RBZ ring-fences pension values - Zimbabwe Situation

RBZ ring-fences pension values

Source: RBZ ring-fences pension values | Sunday Mail

Tawanda Musarurwa
Senior Business Reporter

The Reserve Bank of Zimbabwe (RBZ) will continue to help pension companies preserve the value of their funds in United States dollars, the bank’s Governor, Dr John Mangudya, said on Friday.

As at June 30 last year, the pension industry had six life offices insuring 860 pension funds.

There have been growing concerns that pension savings would be eroded after central bank liberalised the exchange rate by introducing the inter-bank market last week.

It is believed that removing the 1:1 peg of the US dollar to bond notes and RTGS would devalue some assets.

But the RBZ has since moved in to ring-fence pension values.

“We have assisted some of the pension firms in this country to purchase what we call deposit receipts in foreign currency so as to preserve the value for their funds for the pensioners, and that is at our expense, not their expense,” said Dr Mangudya at a breakfast meeting on Friday.

The issue of maintaining the value of pension funds is particularly relevant, especially after concerns were raised on how pension companies converted pension benefits from the Zimbabwe dollar to the United States dollar following the dollarisation of the economy in early 2009.

Numerous pensioners found their contributions eroded overnight, as pension companies claimed that savings had been wiped out by hyperinflation.

In his contribution at Friday’s meeting, economist Dr Gift Mugano noted that floating the US dollar would have adverse effects on savings.

“It is undeniable that the floating of the exchange rate will result in erosion of savings and pensions of the ordinary Zimbabweans. . .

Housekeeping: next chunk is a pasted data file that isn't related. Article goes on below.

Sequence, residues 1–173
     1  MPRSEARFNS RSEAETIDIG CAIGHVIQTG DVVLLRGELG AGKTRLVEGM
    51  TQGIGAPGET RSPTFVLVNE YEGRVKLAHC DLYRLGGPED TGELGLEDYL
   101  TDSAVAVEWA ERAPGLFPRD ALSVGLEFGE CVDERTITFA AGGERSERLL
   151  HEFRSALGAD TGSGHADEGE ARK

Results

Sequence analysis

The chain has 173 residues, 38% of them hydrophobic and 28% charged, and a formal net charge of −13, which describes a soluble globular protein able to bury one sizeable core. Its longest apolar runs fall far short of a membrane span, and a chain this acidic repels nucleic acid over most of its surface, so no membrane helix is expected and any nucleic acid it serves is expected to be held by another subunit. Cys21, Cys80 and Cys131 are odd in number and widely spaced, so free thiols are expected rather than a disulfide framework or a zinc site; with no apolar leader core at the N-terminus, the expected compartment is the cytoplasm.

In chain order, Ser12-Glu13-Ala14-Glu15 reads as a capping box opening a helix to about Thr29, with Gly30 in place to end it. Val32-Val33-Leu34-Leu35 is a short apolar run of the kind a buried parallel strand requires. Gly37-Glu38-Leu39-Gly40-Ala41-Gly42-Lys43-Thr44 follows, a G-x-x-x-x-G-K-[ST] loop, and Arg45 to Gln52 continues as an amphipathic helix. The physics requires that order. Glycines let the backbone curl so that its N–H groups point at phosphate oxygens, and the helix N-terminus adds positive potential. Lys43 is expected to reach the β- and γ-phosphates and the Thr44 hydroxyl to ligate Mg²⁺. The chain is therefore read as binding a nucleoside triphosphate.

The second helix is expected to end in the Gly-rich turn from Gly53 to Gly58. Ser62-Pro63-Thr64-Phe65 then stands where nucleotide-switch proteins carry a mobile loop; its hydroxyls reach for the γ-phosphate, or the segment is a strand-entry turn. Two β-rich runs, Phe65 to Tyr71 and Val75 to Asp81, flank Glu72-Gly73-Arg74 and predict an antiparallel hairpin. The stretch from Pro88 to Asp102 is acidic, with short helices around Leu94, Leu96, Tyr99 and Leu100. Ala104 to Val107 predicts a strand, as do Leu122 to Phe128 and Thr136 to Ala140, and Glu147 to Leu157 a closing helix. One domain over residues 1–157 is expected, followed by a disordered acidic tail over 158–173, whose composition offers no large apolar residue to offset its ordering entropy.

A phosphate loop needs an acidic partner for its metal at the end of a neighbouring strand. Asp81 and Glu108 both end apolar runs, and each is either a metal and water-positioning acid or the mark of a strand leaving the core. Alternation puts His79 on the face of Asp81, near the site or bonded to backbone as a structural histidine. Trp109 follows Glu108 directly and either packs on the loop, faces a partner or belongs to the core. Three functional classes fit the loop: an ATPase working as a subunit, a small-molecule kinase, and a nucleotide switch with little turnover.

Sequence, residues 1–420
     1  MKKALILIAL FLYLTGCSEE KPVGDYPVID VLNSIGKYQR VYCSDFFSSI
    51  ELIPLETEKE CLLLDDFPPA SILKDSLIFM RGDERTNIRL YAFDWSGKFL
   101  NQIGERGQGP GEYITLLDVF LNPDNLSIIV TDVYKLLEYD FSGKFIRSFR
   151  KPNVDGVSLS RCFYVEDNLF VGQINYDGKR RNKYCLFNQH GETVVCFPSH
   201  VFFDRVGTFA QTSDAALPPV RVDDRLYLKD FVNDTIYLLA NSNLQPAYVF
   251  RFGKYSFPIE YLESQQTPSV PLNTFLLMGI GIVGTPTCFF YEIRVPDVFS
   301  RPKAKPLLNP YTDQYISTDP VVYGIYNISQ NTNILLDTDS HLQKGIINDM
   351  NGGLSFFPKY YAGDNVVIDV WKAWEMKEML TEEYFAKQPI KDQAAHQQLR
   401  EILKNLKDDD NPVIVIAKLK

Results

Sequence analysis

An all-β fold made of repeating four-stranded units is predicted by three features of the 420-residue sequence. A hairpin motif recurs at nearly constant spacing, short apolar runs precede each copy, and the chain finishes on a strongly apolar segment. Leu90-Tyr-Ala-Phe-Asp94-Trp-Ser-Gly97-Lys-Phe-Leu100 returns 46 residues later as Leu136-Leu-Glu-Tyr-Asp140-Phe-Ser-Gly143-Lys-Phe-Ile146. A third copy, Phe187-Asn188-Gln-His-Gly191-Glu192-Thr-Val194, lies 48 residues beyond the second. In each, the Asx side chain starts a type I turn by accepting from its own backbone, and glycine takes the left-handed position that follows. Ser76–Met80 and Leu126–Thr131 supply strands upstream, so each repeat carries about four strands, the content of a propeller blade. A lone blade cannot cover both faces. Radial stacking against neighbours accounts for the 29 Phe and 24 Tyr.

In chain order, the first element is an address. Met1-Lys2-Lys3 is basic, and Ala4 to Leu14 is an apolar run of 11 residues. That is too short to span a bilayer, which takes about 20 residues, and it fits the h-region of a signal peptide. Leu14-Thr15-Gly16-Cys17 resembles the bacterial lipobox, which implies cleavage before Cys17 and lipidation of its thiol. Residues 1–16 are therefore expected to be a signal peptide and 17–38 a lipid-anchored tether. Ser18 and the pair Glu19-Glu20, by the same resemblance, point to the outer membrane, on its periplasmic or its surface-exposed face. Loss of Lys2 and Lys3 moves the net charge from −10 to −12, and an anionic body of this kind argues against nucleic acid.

“Consider one who deposited $100 000 US dollars eight years ago, and now bring in the (hypothetical) liberalised exchange of 1:4 into account, one will see that the real value of the $100 000 today is now US$25 000. The same observation applies to pensioners. This was again one of my reservations on floating.

“This experience, where economic agents have lost their pension twice in a 10-year period, will discourage savings, which are key for driving investment and economic growth,” said Dr Mugano.

While pensioners are being paid pittances, pension companies seem to be in good health.

According to an Insurance and Pensions Commission (IPEC) second-quarter report for last year, the pension industry had an asset base of $4,4 billion as at 30 June 2018, reflecting a 5,3 percent increase from the $4,2 billion reported as at 31 March 2018.

“The growth in the asset base was mainly a result of an increase in the value of quoted equities from $1,4 billion as at 31 March 20 18 to $1,6 billion as at 30 June 2018,” noted IPEC.

“The total assets translated to an industry average capital accumulation per member of $7,487 as at 30 June 2018.

“The average capital accumulation per member was 5,7 percent higher than the $7 081 per member reported as at 31 March 2018. The increase in the average capital accumulation was mainly due to the aforementioned increase in total assets.”

Meanwhile, IPEC is soon expected to announce a compensation framework to policyholders whose claims were eroded during the conversion of values from Zimbabwe dollar to the US dollars during the February 2009 period.

This is after a commission of inquiry into the conversion process found that pensioners and policy holders suffered a significant loss of value and recommended compensation.

It also noted that values were not only lost during the conversion period, but during the 1996-2014 period.

The commission’s investigations covered the 18-year period to 2014 and looked into the operations of life insurance companies, pension fund administrators, stand-alone pension funds, funeral assurance companies, the Guardians Fund, Government’s pension system and the National Social Security Authority.

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